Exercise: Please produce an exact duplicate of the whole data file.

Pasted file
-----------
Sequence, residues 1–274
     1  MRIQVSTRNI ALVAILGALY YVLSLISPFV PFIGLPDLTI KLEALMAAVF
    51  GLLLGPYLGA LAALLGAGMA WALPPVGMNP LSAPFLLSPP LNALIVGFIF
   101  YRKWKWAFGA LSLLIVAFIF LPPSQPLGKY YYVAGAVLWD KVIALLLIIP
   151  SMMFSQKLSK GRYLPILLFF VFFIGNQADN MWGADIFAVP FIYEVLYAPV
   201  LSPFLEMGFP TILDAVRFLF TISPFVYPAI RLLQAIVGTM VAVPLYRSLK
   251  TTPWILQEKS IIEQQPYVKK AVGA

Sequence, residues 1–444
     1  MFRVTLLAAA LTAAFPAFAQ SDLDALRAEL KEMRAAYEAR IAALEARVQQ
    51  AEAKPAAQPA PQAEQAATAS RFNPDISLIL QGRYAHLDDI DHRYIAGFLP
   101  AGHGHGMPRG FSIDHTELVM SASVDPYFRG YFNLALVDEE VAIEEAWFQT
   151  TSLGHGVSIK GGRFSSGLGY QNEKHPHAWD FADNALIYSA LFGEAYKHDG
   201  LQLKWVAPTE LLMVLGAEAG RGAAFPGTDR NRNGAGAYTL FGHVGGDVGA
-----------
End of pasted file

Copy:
Sequence, residues 1–274
     1  MRIQVSTRNI ALVAILGALY YVLSLISPFV PFIGLPDLTI KLEALMAAVF
    51  GLLLGPYLGA LAALLGAGMA WALPPVGMNP LSAPFLLSPP LNALIVGFIF
   101  YRKWKWAFGA LSLLIVAFIF LPPSQPLGKY YYVAGAVLWD KVIALLLIIP
   151  SMMFSQKLSK GRYLPILLFF VFFIGNQADN MWGADIFAVP FIYEVLYAPV
   201  LSPFLEMGFP TILDAVRFLF TISPFVYPAI RLLQAIVGTM VAVPLYRSLK
   251  TTPWILQEKS IIEQQPYVKK AVGA

Sequence, residues 1–444
     1  MFRVTLLAAA LTAAFPAFAQ SDLDALRAEL KEMRAAYEAR IAALEARVQQ
    51  AEAKPAAQPA PQAEQAATAS RFNPDISLIL QGRYAHLDDI DHRYIAGFLP
   101  AGHGHGMPRG FSIDHTELVM SASVDPYFRG YFNLALVDEE VAIEEAWFQT
   151  TSLGHGVSIK GGRFSSGLGY QNEKHPHAWD FADNALIYSA LFGEAYKHDG
   201  LQLKWVAPTE LLMVLGAEAG RGAAFPGTDR NRNGAGAYTL FGHVGGDVGA